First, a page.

Policy Forum 9 (September 2019)
It is generally believed China's financial reform lags behind its economic development. The market-oriented reform of interest rates began in the late 1990s, twenty years after 1978, when the policy of reform and opening up was initially put forward. During that time, the financial system was dominated by the banking sector, a subsidized credit system which channeled household savings at low interest rates into state-guided borrowing for investment (this situation hasn’t changed much until today, unfortunately). Non-banking financial sector was negligible; state-owned enterprises have the priority to cheap credit supplied by banks, which are crucial for their survival. The People's Bank of China (PBoC) set the same retail interest rates for all commercial banks and set different lending quotas for each bank. The government took a cautious attitude toward the reform of interest rate liberalization, at least partly because in the absence of deposit insurance, intense competition among banks may lead to instability of the banking system, and hence negative impacts on the real economy.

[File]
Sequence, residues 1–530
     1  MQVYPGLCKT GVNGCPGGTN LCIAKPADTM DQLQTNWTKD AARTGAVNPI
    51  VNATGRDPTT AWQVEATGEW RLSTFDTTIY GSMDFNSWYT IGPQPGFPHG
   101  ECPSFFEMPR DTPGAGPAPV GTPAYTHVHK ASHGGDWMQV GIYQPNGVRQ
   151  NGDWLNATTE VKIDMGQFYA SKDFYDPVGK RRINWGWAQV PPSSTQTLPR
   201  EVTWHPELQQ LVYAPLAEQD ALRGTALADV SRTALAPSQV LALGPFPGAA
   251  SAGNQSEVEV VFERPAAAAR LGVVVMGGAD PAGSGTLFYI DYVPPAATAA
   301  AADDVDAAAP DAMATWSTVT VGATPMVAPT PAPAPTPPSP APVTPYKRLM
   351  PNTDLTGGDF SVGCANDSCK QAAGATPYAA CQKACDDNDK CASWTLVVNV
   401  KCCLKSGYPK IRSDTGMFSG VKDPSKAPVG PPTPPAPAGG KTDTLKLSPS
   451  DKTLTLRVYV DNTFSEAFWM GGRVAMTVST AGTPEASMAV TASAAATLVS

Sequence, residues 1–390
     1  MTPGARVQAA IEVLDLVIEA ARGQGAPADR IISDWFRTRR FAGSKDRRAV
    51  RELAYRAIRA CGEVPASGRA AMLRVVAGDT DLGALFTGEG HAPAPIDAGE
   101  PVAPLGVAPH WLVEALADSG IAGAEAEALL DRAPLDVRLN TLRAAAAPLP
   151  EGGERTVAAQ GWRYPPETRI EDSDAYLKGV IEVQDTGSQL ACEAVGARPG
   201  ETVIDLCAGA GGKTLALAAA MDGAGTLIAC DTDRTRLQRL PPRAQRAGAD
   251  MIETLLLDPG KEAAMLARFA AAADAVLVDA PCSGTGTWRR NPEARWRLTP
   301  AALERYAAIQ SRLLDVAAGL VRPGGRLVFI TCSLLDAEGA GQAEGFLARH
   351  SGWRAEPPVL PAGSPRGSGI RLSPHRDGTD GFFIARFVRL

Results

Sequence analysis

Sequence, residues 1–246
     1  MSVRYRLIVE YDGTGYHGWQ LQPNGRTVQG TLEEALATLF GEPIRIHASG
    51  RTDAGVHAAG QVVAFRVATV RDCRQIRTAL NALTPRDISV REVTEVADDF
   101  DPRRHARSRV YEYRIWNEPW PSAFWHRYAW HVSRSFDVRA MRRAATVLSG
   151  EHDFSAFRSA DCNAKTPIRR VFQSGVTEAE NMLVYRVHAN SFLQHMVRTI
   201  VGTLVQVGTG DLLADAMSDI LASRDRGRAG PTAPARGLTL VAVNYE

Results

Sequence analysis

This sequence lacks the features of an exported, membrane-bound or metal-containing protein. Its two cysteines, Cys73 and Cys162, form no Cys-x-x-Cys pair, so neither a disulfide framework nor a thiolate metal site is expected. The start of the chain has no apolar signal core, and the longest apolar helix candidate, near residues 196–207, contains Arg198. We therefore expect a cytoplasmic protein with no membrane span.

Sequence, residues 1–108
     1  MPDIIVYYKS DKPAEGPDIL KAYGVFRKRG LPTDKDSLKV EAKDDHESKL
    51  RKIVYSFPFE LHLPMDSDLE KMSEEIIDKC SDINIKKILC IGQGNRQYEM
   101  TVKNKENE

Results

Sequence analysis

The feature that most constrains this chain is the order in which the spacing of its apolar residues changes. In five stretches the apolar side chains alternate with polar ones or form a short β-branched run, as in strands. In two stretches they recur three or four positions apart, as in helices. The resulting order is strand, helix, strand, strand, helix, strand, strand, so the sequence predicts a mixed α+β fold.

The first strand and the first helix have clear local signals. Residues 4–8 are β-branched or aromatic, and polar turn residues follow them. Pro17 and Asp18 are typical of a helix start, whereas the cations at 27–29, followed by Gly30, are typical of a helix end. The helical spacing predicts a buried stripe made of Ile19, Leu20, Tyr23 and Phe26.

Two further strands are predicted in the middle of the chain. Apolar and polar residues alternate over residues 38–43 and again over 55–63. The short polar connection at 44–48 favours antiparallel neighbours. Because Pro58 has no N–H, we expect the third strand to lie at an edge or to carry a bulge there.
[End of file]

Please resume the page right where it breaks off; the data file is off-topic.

Financial reform accelerated during the past few years. In July 2013, the PBoC abolished the control of lending rates, and in October 2015, removed the ceiling of deposit rates. However, these measures do not indicate that interest rates are fully market-determined, as acclaimed by the media at that time. Official restrictions were cancelled, but only to be replaced by hidden controls. An industry self-disciplinary mechanism of market interest rate pricing, established in September 2013 and intended to avoid disorderly competition among commercial banks, imposed de facto restrictions on nominal interest rates. Commercial banks did not get full pricing power for their funds; the central bank continues to intervene in credit allocation and issue benchmark interest rates. And the financial market is still divided, characterized as a dual-track interest-rate system: on the one hand, retail interest rates of saving deposits and loans are administratively controlled; on the other hand, most asset prices in currency, bond and stock markets—including the interest rates of interbank markets—have been liberalized. This is why the dual-track interest rate reform was launched in 2018, a new round of market-oriented reform of interest rates which aims to integrate the two tracks of interest rates: regulated and market-determined interest rates.